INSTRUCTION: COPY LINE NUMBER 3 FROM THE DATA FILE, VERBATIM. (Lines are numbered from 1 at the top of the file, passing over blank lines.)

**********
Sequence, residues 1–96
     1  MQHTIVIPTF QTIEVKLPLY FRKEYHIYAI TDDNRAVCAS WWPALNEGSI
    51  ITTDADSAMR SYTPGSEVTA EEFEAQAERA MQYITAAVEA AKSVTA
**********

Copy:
    51  ITTDADSAMR SYTPGSEVTA EEFEAQAERA MQYITAAVEA AKSVTA